Laparoscopic cholecystectomy, reported by Reddick in 1989, began a revolution in surgical practice. Improvements in video imaging and instrumentation, in addition to changing patient expectations, have fueled an explosion in the breadth, availability, and number of laparoscopic procedures. A videoscopic minimally invasive approach is available for treatment of diseases ranging from parathyroid adenoma to morbid obesity to varicose veins. Benefits of a laparoscopic approach over a traditional open technique include less pain, shorter hospital stay, faster return to activities of daily living, and improved cosmesis.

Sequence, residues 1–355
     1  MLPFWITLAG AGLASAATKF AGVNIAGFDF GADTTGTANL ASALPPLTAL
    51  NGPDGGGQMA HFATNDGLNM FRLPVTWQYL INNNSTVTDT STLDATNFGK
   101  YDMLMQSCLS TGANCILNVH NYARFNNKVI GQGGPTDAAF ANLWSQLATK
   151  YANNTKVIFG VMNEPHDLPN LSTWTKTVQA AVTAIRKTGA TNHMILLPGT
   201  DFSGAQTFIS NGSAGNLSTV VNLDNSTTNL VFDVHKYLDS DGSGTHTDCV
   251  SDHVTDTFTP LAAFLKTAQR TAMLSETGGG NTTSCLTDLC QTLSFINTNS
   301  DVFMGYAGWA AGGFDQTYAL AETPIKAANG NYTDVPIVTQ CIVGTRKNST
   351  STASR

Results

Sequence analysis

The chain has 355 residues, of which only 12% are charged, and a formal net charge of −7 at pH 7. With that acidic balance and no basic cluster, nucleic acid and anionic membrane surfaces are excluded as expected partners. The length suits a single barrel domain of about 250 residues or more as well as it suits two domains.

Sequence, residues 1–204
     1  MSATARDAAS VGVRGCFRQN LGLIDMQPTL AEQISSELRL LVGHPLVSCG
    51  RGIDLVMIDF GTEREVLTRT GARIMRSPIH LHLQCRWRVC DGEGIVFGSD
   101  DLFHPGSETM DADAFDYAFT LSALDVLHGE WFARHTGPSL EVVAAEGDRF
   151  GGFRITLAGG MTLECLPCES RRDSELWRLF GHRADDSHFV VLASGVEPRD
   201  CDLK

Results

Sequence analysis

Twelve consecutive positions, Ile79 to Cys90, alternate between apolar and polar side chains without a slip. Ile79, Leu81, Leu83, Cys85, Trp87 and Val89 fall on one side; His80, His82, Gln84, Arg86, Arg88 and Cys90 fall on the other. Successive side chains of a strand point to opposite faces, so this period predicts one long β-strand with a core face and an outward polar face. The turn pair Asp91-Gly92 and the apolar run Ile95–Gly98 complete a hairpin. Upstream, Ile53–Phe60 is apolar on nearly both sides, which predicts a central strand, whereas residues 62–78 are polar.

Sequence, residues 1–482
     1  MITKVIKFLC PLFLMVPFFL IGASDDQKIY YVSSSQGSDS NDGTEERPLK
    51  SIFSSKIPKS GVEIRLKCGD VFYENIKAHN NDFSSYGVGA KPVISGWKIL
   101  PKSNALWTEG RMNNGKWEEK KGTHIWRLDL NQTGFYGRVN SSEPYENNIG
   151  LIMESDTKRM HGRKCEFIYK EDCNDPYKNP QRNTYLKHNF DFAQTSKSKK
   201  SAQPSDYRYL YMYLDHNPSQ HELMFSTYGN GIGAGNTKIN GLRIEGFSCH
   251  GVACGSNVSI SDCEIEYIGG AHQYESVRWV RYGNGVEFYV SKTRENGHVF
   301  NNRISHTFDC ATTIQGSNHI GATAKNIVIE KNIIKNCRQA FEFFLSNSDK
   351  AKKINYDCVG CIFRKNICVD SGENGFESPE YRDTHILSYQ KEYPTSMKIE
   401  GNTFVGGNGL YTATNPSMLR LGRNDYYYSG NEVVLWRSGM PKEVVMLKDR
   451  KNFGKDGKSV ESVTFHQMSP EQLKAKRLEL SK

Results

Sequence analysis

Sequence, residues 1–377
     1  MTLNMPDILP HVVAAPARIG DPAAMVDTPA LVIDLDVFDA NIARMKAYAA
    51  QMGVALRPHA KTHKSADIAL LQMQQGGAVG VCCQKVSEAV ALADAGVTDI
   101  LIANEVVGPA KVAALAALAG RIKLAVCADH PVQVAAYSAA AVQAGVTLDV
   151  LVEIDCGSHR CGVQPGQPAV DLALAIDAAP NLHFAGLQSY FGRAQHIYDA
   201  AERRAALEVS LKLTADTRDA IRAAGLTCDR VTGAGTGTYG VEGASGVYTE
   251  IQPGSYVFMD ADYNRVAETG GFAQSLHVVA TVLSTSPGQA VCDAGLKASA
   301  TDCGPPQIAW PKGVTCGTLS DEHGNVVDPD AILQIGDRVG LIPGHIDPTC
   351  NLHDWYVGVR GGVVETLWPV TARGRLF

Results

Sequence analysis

since the National institutes of Health consensus Statement in 1992, the laparoscopic approach has become the preferred technique for cholecystectomy. Laparoscopic cholecystectomy is now the most commonly performed elective abdominal procedure in the United States. During the last decade, significant experience gained in preoper-ative selection, surgical technique, and intraoperative decision making has dramatically improved results. However, complications continue to occur and controversies remain. indications, surgical technique, and outcomes for laparo-scopic cholecystectomy are reviewed.
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